by Leena Heinilä
It is not everyday that You get invited to the place where You would have always wanted to visit: Gibraltar – The Rock!
We do have our own Gibraltar of the north -fortress here in Helsinki, Finland. Suomenlinna, the fortress made of granite and founded in 1748. The place was commonly called the Gibraltar of the North by the contemporaries. Unique attraction, but unique was my visit to Gibraltar – The Rock too! Thank You for the Department of Education for that invitation!
It was one week in the end of November 2018 that the Gibraltar Lower Primary School staff welcomed me, the Finnish educationalist to their schools. The collaboration together was already established from the visit that the Gibraltar Department of Education delegation made to Helsinki in the beginning of the year 2018. They visited the schools, learnt about Finnish Education System and explored the child-centered learning culture. So, my visit “cemented the cultural and educational ties” as the spoke person of the Government of Gibraltar it stated.
Every national education system has its pros and cons but learning from others, reflecting familiar educational practices in a light of another culture, enhancing understanding through comparisons, offering opportunities for culture sensitive educational co-operation and consulting surely offers new ideas and working models to improve the assessment and education development processes of our own systems.
And that is what also happened after the collaborative time together there in Gibraltar. My host, Educational Adviser Stuart Borastero wrote that the workshops, pedagogical and reflective learning café discussions and lectures on collaborative teaching and learning with the holistic and creative curricular approach and talks about student welfare and assessment had lit “a flame of educational development in our schools”.
In Gibraltar, there are 14 schools and one college of further education in Gibraltar. All teacher training takes place in UK universities and colleges, and teachers must have a registration number issued by the Department for Education (UK). However, there is a positive boost to develop something on their own and as the Minister for Education, John Cortes, said: “The Finnish educational model of collaborative teaching and learning, reduction of stress from exams, and focus on developing the child as a person is very close to the Government’s philosophy driving the current changes in our Education system”.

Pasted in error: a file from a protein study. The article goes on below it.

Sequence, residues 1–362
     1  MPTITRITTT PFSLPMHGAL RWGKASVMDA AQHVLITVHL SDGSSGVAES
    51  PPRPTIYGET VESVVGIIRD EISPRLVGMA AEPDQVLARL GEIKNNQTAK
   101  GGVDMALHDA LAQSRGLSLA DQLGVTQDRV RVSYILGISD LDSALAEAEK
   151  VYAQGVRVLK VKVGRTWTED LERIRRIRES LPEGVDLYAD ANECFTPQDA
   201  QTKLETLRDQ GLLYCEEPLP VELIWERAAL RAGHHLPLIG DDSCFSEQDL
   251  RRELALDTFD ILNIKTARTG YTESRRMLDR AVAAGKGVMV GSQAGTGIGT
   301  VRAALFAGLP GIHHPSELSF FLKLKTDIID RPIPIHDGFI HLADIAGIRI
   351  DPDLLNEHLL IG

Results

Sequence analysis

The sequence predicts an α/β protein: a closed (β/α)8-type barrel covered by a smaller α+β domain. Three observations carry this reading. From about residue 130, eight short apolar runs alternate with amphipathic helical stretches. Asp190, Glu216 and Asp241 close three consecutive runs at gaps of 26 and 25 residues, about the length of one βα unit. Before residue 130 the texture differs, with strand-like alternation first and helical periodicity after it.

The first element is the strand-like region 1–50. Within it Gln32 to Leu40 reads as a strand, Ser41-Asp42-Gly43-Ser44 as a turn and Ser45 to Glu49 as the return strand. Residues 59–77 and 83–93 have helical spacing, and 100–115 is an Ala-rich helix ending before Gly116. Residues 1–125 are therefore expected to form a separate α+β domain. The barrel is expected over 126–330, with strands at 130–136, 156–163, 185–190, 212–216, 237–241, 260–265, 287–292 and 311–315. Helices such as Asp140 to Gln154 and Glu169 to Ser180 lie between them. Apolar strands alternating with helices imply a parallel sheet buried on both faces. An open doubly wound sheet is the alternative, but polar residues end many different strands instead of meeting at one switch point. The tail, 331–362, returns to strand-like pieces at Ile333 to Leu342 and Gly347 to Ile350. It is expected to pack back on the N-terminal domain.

So, what did I do then in order to light that positive flame among my Gibraltarian colleagues? I left for Gibraltar to talk about our Finnish collaborative learning culture and how it is known about its child- centred approach which translates positively into the classrooms. Our students’ overall wellbeing is the foundation for well learning. Caring, collaboration, creativity, critical thinking and communication reflect on our daily school tasks. Everything is based on trust and responsibility. Also, I wanted to share how the teachers’ task is to instruct and guide students to become lifelong learners. The pedagogical approach is in the student-centered interactive and inspiring learning sessions that enhance students’ caring, collaboration, creativity, critical thinking and communication among the participation. And how here in Finland and in the Finnish schools’ students set goals, solve problems and assess their learning based on set targets. Learning is for our students an active, goal-oriented and self-motivated action.
The goals of the visit were to introduce the Finnish collaborative learning culture, its ethos and practice to Gibraltar educators. The emphasis was on collaborative teaching and learning as well as progressive self- and peer-assessment. I truly enjoyed the pedagogical and reflective discussions. It was sometimes difficult to get my turn to speak back again due the lively and enthusiastic feedback comments that were discussed among the participants. I was so glad that I suggested peer/assistant shadowing in the classrooms to the week program. What a pearl it was to be able to peek into the colleagues’ classrooms in another cultural background. Thanks so much for sharing your pedagogical thoughts, teaching and learning tips and your learning and teaching space and your classroom stories with me. What a pleasure it was to be able to spend that pedagogical week with the colleagues that were so engaged, enthusiastic and eager to get involved in educational collaborative joy of learning and sharing process together!